Editor's Note: which features contributions from members of the medical community. These blogs are an opportunity for bloggers to engage with readers about a topic that is top of mind, whether it is practice management, experiences with patients, the industry, medicine in general, or healthcare reform. The series continues with this blog by Jack Tsai, MD, a family physician at The Children's Clinic in Long Beach, California. The views expressed in these blogs are those of their respective contributors and do not represent the views of or UBM Medica.
A new year is upon us, so it is time for the obligatory New Year resolutions. However, since I am terrible at keeping resolutions, here is at least one thing I hope to work on for 2018: I want to grieve better.
It is a bit of a downer, I know, but with every year of medical experience under my belt (which is also literally growing), I find it increasingly difficult to connect emotionally with my patient, especially those who are not doing well. This is ironic since physicians are supposed to be healers, and crucial to building that therapeutic relationship is the provider’s ability to empathize and have compassion.
Instead of an increasing capacity to care for my patients, though, I have noticed that each year of medical training and practice brings more cynicism, burnout and emotional detachment. While so many factors contribute to physician burnout, I suspect a big problem is not taking the time to remember, celebrate and grieve the patients I have lost.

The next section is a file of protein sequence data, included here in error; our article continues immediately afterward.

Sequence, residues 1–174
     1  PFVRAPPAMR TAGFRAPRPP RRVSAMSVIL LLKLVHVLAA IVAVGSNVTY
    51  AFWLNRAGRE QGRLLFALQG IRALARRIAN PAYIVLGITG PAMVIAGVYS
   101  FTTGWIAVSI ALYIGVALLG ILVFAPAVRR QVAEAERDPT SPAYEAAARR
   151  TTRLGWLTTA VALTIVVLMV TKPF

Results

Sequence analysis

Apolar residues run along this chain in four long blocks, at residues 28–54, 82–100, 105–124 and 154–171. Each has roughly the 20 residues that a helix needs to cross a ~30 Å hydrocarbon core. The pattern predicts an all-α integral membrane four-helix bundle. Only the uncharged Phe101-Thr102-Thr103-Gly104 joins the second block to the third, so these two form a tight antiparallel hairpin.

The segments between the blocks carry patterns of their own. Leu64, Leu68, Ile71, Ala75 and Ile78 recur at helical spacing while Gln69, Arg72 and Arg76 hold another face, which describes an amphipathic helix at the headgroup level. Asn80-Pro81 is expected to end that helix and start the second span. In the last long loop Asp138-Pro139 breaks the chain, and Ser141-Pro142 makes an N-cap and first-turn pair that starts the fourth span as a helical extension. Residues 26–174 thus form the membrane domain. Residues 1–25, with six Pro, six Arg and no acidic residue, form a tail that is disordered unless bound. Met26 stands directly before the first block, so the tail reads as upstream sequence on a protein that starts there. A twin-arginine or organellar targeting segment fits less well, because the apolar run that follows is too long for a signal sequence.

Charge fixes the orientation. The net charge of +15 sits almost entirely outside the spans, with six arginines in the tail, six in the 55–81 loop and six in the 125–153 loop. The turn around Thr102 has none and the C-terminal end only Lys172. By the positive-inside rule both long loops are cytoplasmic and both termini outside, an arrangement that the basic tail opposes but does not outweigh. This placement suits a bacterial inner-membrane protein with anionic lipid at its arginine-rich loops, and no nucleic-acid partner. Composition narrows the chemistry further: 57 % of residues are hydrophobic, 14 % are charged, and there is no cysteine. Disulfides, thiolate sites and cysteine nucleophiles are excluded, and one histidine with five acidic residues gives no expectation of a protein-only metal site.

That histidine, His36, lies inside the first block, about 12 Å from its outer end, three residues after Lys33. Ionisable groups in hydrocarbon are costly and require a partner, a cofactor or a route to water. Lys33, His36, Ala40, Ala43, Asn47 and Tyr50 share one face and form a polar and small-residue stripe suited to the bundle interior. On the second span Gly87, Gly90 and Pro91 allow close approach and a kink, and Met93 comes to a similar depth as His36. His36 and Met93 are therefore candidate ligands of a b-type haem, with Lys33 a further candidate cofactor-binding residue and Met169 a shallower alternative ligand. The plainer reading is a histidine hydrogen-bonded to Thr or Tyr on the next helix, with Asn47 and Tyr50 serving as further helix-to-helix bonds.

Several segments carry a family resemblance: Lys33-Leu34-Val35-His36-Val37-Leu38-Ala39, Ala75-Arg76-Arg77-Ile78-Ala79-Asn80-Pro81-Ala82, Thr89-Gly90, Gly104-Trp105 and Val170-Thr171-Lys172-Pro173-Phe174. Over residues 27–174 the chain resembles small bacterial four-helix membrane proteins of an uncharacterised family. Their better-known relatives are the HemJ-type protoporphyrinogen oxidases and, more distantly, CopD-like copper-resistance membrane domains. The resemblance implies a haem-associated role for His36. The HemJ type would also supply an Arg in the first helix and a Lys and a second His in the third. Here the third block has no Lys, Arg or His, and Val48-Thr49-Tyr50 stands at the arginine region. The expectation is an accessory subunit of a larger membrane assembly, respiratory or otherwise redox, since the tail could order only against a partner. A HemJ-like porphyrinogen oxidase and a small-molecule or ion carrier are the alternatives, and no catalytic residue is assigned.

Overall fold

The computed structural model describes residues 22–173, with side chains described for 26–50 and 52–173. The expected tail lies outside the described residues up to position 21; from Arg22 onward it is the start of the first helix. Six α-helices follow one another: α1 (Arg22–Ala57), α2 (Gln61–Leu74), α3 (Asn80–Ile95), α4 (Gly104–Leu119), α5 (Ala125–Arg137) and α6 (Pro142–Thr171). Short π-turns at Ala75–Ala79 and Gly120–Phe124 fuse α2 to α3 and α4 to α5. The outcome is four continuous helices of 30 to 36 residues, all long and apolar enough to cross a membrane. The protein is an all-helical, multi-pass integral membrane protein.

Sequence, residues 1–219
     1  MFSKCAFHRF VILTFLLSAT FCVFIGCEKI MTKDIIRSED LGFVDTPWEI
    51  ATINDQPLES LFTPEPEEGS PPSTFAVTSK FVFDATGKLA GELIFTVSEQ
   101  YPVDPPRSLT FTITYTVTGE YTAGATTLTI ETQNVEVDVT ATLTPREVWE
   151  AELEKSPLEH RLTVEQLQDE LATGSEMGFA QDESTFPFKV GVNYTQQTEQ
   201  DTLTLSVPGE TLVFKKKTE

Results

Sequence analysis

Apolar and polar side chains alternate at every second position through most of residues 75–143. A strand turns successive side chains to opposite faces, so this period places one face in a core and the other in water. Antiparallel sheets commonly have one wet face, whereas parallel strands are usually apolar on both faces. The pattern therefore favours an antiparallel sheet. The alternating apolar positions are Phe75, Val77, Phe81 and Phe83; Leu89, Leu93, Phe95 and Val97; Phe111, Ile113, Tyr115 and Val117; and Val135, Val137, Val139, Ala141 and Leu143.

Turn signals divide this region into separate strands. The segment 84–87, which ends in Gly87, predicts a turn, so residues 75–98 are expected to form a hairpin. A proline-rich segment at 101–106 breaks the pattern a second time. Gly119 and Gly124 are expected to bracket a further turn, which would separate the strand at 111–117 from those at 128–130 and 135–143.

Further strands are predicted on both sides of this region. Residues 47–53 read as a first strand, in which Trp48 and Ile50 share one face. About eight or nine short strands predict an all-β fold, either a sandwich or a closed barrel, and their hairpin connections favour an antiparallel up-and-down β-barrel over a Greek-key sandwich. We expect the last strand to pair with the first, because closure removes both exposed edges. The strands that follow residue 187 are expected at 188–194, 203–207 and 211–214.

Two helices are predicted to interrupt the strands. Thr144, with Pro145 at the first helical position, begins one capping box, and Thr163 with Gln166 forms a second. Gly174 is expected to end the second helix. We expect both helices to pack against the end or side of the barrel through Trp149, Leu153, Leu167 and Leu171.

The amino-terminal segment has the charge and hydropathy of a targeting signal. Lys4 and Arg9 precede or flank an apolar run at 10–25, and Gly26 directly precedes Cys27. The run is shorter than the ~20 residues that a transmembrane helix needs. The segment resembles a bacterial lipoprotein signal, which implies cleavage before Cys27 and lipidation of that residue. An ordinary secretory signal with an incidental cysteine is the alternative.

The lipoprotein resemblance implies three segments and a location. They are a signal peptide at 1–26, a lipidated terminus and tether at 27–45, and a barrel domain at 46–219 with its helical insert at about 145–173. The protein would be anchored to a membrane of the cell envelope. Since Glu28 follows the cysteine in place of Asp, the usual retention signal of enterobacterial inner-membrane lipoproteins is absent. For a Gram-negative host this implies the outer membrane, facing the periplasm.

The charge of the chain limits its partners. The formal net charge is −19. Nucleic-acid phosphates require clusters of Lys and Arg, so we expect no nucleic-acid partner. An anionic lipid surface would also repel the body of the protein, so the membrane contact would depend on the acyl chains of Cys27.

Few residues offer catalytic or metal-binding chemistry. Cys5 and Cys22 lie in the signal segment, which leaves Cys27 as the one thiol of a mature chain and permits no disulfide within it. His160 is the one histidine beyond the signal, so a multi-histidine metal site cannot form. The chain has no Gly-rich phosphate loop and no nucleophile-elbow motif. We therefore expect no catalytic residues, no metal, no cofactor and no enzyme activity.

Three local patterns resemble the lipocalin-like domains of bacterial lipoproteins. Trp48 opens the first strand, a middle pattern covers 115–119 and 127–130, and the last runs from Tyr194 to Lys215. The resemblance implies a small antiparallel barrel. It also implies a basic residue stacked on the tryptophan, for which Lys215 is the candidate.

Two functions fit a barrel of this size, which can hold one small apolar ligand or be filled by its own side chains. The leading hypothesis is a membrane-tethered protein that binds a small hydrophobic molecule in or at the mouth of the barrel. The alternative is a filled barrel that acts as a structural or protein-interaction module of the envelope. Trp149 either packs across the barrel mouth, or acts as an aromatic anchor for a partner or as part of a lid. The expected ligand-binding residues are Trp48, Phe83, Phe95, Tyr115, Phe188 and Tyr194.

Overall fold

Six years into primary care practice now, I have built up a steady panel of continuity patients, and sadly I have had a number of them pass away. Some deaths were expected due to multiple co-morbidities, others appeared just fine at their visit the week prior. When I think back on my experience of those deaths, I see how with each notification I am able to more quickly move on and back to my everyday of patient care, phone calls and lab reviews. What is alarming being that I cannot remember some of their names, even ones whom I have cared for over years and had developed a relationship with.
TRENDING ONLINE: Addressing the main cause of physician burnout
As a primary care physician in an underserved community, I have learned to be quite efficient. On an average day, I can get through a whole schedule of patients, follow up on abnormal labs and studies, return phone calls, and close out all my charts without having to bring any work home. Sometimes I can even sneak in a power nap during my lunch break. But that efficiency has come at the cost of cutting out the time needed to get to know patients on a personal level beyond their medical diagnoses.